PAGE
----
Under current law, income from wealth is taxed at much lower rates than income from work: the top tax rate on employees’ paychecks is now nearly double the top rate on the most important forms of investment income (37% vs. 20%). Because people of color are much more likely to derive their income from work, rather than assets, these preferential tax rates overwhelmingly benefit wealthy white families. The president’s plan would make the tax code more equitable by making millionaires and billionaires pay the same top tax rate on all their investment income that workers pay on their wages. The plan would also close the stepped-up basis loophole that lets a lifetime’s worth of investment gains permanently escape taxation.
The budget reconciliation package would provide more resources to the IRS to increase enforcement against wealthy tax cheats who evade paying what they owe, a group that’s mostly white. The reduction in the IRS’ funding has hampered its ability to go after such high-income taxpayers—to the point where low-income taxpayers claiming the Earned Income Tax Credit, which especially benefits women and people of color, are audited at nearly the same rate as people making $1-$5 million a year. Giving the IRS more resources to pursue wealthy tax cheats and requiring financial institutions to help the IRS in its efforts to identify likely and actual evasion would make tax enforcement more equitable and could raise $700 billion.
The pandemic and protests of the past year-and-a-half have brought a long overdue focus to the structural and systemic racism within our economic systems. Whether as protestors in the streets demanding overdue justice, patients in the emergency room seeking life-saving treatment, or workers trying to stay both safe and employed, people of color have been on the frontlines of the crises.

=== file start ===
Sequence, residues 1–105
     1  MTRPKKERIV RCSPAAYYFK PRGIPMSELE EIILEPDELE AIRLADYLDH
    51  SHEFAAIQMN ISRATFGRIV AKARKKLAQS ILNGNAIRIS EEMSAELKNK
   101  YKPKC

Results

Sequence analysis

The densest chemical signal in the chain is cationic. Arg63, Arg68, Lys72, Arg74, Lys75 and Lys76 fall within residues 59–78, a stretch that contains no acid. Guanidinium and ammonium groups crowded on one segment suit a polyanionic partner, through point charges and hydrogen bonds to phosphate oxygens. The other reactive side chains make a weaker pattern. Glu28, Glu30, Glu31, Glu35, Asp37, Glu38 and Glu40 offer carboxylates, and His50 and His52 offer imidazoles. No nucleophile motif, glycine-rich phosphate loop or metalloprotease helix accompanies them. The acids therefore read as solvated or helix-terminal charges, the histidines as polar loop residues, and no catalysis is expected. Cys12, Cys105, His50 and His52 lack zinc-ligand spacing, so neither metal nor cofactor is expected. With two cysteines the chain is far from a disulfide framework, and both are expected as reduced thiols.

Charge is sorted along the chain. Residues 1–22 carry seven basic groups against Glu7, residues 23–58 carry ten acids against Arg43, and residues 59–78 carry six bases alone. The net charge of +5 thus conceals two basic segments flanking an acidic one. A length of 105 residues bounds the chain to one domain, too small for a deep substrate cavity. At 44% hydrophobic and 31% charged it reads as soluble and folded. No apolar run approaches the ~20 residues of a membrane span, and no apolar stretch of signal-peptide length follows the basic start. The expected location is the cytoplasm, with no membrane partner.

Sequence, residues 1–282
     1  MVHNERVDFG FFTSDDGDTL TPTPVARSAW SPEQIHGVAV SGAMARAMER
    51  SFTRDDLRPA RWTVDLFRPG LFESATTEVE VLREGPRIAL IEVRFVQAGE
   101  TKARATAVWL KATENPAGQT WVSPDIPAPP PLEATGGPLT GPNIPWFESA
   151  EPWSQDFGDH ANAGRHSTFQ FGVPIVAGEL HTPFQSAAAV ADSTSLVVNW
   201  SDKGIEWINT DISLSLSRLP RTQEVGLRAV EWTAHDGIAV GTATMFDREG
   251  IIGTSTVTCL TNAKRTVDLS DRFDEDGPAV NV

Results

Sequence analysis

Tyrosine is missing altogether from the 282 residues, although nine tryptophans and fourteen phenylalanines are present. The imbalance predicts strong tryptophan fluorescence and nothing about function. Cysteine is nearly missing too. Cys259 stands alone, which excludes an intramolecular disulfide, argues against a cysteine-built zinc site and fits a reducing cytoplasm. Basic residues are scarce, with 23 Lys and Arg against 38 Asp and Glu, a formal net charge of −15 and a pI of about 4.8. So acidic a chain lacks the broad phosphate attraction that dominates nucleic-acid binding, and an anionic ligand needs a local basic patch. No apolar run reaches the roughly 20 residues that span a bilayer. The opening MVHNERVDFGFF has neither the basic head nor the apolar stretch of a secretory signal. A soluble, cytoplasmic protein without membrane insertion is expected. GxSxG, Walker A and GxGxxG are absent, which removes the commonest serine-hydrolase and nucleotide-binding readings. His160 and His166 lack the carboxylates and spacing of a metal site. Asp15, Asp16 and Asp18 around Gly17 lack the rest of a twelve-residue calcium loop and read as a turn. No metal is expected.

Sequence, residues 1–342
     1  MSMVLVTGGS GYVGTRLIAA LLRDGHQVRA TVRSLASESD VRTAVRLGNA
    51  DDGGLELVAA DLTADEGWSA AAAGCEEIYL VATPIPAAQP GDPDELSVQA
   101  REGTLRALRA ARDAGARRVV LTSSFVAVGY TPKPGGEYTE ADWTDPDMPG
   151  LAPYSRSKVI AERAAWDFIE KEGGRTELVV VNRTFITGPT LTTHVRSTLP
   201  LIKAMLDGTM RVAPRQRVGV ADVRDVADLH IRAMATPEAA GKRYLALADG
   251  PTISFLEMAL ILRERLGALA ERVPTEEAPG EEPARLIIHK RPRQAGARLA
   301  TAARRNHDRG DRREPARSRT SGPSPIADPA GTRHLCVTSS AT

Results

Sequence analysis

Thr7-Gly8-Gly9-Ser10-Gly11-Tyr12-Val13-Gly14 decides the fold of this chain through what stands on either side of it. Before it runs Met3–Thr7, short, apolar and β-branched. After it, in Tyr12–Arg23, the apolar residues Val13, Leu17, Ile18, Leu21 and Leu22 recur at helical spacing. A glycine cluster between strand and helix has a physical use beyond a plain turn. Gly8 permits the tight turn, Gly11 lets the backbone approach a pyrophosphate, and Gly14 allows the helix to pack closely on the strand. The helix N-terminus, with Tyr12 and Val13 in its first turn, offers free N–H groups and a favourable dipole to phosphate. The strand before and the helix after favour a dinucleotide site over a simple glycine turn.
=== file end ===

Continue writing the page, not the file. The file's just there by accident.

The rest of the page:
President Biden’s tax reforms will increase racial equity in the tax code and raise the revenues we need to support an equitable recovery. But if those reforms are weakened, the tradeoffs are stark: every dollar not raised from a billionaire means a dollar less for child care or the Child Tax Credit; every dollar not raised from a multinational corporation is a dollar not available for paid family and medical leave or affordable health care; every dollar not raised by cracking down on rich tax cheats is a dollar not available for affordable housing or combatting climate change.
In short, the size and structure of the reconciliation bill matter to communities of color. Without the full measure of the authorized $3.5 trillion in revenues or investments, we will fail to fully capitalize on the opportunity to make historic investments that will advance racial equity.
A massive lobbying campaign by corporations and the wealthy is underway to influence your decisions. The positions they’re pushing run contrary to virtually every public poll conducted in recent months—especially this one—which show strong support for both the taxes and investments proposed by the president. More than 700 national and state organizations have written Congress endorsing the president’s investments and tax plan.
We implore you in the name of racial equity and justice: stand up to the demands of the wealthy and big corporations to preserve their privileges and escape paying their fair share of taxes.
Asian Pacific American Labor Alliance, AFL-CIO
Center for American Progress
Center for Popular Democracy
Coalition on Human Needs
Collective Power for Reproductive Justice
Colorado Organization for Latina Opportunity and Reproductive Rights (COLOR)
Color of Change
Community Change Action
Friends Committee on National Legislation
Fund Black Founders Inc
The Institute on Race and Political Economy and Darrick Hamilton, Henry Cohen Professor of Economics and Urban Policy, The New School
Liberation in a Generation
Movement for Black Lives
National African American Clergy Network
National Association for the Advancement of Colored People (NAACP)
National CAPACD – National Coalition for Asian Pacific American Community Development
National Coalition for Black Civic Participation
National Council of Asian Pacific Americans (NCAPA)
National Education Association
National Immigration Law Center
National Women’s Health Network
Network Lobby for Catholic Social Justice
Rainbow PUSH Coalition
Service Employees International Union
SisterSong Women of Color Reproductive Justice Collective
Reps. Terri Sewell, Jimmy Gomez and Steven Horsford, Leaders of the Ways and Means Committee Racial Equity Initiative
Members of the Congressional Black Caucus
Members of the Congressional Hispanic Caucus
Members of the Congressional Asian Pacific American Caucus